I was happily chugging along in my consulting world about a month ago, when an executive recruiter called. It was the second call from a recruiter that day, and one of many over the past several months. This recruiter outlined an opportunity to provide the Philadelphia Media Network, owners of the Philadelphia Inquirer, Daily News and their joint Web site, philly.com, with a vision and strategy for health. They wanted someone who could help build an ambitious portal on everything health in Philadelphia. I told the recruiter that sounded interesting. The next thing I knew I was interviewing and listening to the company’s vision. A few days after that, I accepted their offer. As a Philly boy, born and raised, whose first job was as a paperboy delivering the Philadelphia Bulletin, who still has ink in his veins from his early days as a newspaper reporter, how could I not?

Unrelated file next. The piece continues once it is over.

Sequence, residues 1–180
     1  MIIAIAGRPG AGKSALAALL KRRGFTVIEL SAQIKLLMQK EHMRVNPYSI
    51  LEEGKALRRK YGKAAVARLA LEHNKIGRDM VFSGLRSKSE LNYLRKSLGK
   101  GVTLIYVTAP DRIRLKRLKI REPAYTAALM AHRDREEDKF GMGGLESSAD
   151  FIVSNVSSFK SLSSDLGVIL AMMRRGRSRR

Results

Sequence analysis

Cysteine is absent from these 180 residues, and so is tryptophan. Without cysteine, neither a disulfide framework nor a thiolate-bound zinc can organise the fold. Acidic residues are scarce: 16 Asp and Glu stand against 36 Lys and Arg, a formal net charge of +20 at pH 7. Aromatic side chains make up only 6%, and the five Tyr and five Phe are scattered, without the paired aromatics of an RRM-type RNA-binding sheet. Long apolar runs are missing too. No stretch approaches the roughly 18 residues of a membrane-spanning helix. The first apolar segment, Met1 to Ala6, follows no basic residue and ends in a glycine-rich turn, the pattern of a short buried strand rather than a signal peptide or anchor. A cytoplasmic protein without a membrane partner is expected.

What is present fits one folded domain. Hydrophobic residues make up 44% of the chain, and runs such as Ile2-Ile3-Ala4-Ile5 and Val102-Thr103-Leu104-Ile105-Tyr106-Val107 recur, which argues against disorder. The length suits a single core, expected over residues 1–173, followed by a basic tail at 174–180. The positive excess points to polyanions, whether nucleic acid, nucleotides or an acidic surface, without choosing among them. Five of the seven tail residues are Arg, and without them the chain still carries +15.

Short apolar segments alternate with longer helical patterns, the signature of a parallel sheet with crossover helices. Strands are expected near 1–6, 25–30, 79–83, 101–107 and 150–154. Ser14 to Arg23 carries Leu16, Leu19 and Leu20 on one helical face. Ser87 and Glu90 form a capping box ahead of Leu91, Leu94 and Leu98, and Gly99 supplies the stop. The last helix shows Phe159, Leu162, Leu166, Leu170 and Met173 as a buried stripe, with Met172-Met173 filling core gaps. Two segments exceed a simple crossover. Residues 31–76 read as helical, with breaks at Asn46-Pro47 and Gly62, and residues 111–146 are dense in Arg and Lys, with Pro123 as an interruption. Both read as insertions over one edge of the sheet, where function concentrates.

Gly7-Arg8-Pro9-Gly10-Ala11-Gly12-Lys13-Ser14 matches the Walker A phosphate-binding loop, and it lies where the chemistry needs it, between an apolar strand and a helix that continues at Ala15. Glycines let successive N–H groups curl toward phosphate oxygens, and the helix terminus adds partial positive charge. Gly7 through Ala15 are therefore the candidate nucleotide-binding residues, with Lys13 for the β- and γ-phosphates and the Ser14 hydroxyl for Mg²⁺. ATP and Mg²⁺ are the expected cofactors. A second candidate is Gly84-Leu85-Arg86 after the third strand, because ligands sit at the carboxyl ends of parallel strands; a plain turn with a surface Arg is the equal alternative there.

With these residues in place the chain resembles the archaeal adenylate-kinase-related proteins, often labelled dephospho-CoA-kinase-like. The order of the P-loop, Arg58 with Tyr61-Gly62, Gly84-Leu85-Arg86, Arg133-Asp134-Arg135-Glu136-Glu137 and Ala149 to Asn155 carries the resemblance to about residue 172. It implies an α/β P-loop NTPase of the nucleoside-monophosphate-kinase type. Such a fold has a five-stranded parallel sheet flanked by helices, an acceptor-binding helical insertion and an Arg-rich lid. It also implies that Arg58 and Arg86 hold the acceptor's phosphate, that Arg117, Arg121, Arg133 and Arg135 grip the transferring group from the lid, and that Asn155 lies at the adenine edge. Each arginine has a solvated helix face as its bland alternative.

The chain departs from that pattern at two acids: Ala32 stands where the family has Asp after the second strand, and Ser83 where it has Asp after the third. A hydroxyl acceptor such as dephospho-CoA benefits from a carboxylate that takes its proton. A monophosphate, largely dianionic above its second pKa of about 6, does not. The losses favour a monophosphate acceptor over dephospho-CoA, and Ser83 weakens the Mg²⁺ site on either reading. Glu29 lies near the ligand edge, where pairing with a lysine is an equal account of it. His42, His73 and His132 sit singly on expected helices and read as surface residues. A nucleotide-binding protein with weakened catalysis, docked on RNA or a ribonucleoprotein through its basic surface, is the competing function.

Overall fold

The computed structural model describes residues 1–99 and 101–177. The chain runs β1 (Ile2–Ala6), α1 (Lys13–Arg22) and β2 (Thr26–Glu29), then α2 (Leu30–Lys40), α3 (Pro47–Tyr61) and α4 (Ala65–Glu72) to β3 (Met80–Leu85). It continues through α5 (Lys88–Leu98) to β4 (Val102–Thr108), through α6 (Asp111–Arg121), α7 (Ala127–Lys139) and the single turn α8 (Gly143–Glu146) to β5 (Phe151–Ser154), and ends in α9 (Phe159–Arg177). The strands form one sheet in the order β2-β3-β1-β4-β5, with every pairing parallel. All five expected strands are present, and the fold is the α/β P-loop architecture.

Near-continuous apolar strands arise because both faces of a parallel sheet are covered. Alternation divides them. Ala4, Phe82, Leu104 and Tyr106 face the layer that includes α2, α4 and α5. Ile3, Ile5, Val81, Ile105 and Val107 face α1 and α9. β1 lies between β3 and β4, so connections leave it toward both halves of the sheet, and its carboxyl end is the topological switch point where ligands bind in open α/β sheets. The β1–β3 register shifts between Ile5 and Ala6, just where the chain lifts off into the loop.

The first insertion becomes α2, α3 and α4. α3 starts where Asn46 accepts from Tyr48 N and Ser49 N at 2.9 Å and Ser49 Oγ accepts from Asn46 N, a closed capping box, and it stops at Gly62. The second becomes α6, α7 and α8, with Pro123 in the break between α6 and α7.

Two years ago, heading out on my own, I said that I was nervous and excited at the same time, as I moved into the world of consulting. This time I’m just flat out excited. And once again it feels right.
I’m not sure what will become of this blog, as I dig in on my new position. What I am sure of is that I appreciate all of the help I have received from you, my friends and colleagues. Going forward, you can reach me at my new email address (firstname.lastname@example.org). You can still follow me on Twitter at @lblumenthal. I hope we can stay in touch.
Few family-based foundations tackle social problems in quite the same way as the Hunt Alternatives Fund, which prides itself on its collaborative, roll-up-your-sleeves, grassroots approach to philanthropy.
In the latest installment of our podcast series for the Philanthropy News Digest, co-host Bill Silberg and I talked to Swanee Hunt, founder and chairman of the fund, about her focus on advocacy and transparency.